Monday, March 13, 2017

CRA website goes dark - Canadians should worry

It was an interesting weekend in Canadian government, and as often happens in my world of data, bits and nerdiness, it meant some news coverage. The story led the agenda during my Clicked In segment on CTV News Channel last night, and continued into the morning with live hits on Newstalk 1010 Toronto with John Moore, and Newstalk 1290 CJBK London with Lisa Brandt and Ken Eastwood. Whenever a major tech story breaks, I like to draft some high-level talking points to give the producers and hosts who I work with a sense of the story, and what I think of it. Here's what I've been using so far for this one...

Here's what we know: The Canada Revenue Agency (aka CRA, aka the folks to whom we pay taxes, aka The Tax Man) took down a large chunk of its online services on Friday afternoon, and they remained offline until Sunday night. The CRA's main website at featured the following message during the outage:
Upon becoming aware of an internet vulnerability that affects some computer servers used by websites worldwide, we took down our online services, including electronic filing, and are taking steps to ensure that all information and systems remain safe.
At this time, we are not aware that any personal information has been affected; however, we continue to assess and remedy the situation.
You can still complete your tax forms, but will have to wait before filing.
What we DON'T know: The CRA isn't saying precisely WHAT that vulnerability that prompted the outage was. Their handling of this matter has echoes of the Heartbleed bug, which was a vulnerability in open-source OpenSSL security code used on millions of websites around the world. In 2014, soon after Heartbleed was discovered in the wild, the CRA took its websites and online filing services down in response to the vulnerability.

We also don't know if an outage at the Statistics Canada website this weekend was related. No one there is saying much of anything, either.

Could it have been Cloudbleed? Without official confirmation from CRA officials, it's impossible to conclude at this time. However, the timing is unfortunate, as Cloudbleed has been a major tech story for the better part of the past 3 weeks.

What is Cloudbleed? It is a bug found in code operated by the Cloudflare web infrastructure company. Cloudflare provides security and hosting services for thousands of major internet sites - including  Uber, Yelp, Fitbit, OkCupid, the Pirate Bay,, Feedly, 4chan, and many more. Thanks to a tiny but significant error in some of Cloudflare's code, sensitive user information from some of these sites was being randomly inserted into web pages when visited by other people.

My $0.02: Whether or not it was Cloudbleed is almost irrelevant. What's crystal-clear is that almost 3 years after the Heartbleed episode, the CRA still hasn't learned its lesson. One would expect government IT personnel to be horizon-scanning constantly, to anticipate weaknesses in systems architecture BEFORE they go critical. Internet vulnerabilities are being discovered All The Time, and IT/security specialists are charged with proactively addressing them. Everyone else manages to deal with these issues appropriately, by installing security fixes, patches and updates on the fly, without having to close up shop for two days.

Yet three years post-Heartbleed (where the CRA was the ONLY major global website operator to actually SHUT DOWN its services) the agency continued to chase its tail, reactively downing the website and related services while it frantically tried to figure out what was going on. The only reason our tax filing services went dark for days is because the people running them are clueless, don't learn from previous mistakes, and no one's holding them accountable.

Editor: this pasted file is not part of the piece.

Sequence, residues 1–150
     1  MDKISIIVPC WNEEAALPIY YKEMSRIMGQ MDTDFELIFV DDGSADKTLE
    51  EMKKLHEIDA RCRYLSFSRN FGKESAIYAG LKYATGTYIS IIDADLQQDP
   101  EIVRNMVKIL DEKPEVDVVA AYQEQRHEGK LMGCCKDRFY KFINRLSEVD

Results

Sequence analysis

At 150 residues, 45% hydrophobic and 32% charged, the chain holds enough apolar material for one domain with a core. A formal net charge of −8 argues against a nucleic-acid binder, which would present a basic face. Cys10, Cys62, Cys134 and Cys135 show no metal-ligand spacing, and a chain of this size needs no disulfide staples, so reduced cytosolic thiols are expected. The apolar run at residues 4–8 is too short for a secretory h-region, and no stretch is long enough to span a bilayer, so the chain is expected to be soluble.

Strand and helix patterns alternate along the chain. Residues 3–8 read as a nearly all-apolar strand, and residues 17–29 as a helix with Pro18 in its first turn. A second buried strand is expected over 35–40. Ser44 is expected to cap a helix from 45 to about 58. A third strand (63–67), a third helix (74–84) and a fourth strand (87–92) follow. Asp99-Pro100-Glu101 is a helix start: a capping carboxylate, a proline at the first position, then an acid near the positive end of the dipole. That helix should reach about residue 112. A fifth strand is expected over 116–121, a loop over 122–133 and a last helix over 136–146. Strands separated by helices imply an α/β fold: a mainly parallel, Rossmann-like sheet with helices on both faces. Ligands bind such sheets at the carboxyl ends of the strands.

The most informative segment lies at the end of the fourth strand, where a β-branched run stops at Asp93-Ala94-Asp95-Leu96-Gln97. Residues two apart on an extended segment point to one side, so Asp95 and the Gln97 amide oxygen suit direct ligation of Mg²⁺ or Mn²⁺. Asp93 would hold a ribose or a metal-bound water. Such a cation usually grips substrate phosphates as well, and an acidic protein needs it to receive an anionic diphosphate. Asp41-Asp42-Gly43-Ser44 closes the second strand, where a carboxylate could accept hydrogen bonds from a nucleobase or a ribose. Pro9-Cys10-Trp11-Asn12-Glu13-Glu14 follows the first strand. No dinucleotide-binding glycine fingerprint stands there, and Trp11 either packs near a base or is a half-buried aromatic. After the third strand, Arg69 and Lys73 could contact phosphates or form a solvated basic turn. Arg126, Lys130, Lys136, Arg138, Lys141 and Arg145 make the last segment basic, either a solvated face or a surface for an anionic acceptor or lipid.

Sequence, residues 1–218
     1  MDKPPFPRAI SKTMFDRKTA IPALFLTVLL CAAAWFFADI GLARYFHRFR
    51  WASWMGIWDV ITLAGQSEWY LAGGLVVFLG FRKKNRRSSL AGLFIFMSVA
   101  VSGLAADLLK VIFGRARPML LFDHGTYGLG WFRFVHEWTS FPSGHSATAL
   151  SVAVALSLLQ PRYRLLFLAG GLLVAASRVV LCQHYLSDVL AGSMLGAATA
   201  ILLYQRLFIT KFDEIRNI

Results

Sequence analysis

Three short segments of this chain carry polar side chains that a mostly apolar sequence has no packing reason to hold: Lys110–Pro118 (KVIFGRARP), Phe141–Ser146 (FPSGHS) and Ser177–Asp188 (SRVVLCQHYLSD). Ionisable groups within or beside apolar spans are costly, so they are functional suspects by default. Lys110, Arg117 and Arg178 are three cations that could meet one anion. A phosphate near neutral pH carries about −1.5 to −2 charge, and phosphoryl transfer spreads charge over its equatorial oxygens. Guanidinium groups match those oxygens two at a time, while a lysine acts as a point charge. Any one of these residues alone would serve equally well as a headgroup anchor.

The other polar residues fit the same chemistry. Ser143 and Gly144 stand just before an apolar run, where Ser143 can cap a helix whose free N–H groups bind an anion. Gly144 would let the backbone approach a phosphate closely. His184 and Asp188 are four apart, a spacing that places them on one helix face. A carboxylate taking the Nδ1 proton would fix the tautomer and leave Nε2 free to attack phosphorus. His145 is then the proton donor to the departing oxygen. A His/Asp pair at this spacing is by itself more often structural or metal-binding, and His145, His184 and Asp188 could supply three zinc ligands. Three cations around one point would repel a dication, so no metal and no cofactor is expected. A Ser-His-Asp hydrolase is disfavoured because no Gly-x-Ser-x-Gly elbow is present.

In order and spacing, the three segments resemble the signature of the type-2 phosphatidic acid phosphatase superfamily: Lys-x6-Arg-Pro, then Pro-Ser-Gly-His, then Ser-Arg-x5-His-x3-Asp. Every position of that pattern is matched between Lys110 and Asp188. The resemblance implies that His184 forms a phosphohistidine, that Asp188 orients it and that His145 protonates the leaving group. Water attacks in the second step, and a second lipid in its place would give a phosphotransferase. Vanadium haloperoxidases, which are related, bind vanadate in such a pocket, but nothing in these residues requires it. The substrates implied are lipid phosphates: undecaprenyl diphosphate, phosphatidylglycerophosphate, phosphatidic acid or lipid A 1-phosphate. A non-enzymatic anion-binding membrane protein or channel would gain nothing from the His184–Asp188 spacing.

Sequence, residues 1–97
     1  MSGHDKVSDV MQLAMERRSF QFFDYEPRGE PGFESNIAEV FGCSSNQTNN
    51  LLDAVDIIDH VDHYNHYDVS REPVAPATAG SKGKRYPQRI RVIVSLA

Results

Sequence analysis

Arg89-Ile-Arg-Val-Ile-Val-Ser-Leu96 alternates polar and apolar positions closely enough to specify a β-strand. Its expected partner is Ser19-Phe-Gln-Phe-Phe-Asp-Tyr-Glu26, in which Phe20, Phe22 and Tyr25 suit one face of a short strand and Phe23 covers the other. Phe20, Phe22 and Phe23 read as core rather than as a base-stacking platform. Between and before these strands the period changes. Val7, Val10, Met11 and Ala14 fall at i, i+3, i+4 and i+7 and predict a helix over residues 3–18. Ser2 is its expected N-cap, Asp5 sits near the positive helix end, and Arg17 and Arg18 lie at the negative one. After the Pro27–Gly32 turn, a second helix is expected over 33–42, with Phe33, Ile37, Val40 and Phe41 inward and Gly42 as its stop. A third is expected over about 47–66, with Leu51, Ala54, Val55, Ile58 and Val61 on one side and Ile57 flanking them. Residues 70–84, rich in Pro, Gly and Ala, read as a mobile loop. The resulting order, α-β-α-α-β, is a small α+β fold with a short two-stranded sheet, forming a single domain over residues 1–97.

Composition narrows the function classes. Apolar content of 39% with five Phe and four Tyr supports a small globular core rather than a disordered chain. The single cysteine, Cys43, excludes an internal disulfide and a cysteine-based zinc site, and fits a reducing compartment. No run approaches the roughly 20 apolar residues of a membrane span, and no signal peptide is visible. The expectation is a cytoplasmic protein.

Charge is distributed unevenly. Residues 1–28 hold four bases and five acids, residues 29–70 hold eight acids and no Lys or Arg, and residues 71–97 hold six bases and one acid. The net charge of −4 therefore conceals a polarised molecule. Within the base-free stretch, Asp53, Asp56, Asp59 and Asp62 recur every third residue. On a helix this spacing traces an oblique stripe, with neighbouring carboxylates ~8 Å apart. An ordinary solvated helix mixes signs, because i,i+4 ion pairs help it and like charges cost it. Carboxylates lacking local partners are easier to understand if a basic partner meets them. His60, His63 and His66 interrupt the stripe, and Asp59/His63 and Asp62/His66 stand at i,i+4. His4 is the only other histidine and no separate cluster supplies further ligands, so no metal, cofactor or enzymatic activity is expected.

The Statistics Canada website was also partially down over the weekend, and again no one's saying much of anything, so we don't know if the two incidents are related, what's behind them, or what's being done to address the root cause and prevent them from recurring in future. Neither agency is telling Canadians the whole story, and given this is peak filing season for taxpayers, they deserve answers. And better government IT coverage than they've been getting.

No one's going to complain that the feds made it harder for them to pay taxes for a couple of days. But given the growing signs of IT ineptitude within at least two major departments in  recent days, it's entirely reasonable for Canadians to be concerned.

1 comment:

Anonymous said...

Any other time of the year, and I would have stated that we, Canadians, would not necessarily have placed much heed to CRA's outage. However, with this outage occurring during their supposedly most critical period of the year (aka Tax Time), I would have fully expected that CRA would have had a better crisis communications plan in place: messaging utterly useless!
We are being asked to put a significant amount of trust in CRA with our personal and financial information. The least that CRA can do is ensure that this trust is front and centre throughout such that we continue to hand over that information via their preferred means, their website.
Did CRA's crisis comms folks decide to take the weekend off, and address this incident after the morning coffee break on Monday? Harsh, but not entirely without merit.
CRA seemed to have let the media run with the narrative, instead of owning it: basic crisis comms fail!
Will be interesting to read their follow-ups / excuses on this outage. Cynically, they will probably just issue a quick news release with the hope that it just goes away.
For something so visible and sensitive to Canadians during tax-time, I am hoping that they step-up to better inform Canadians on this outage.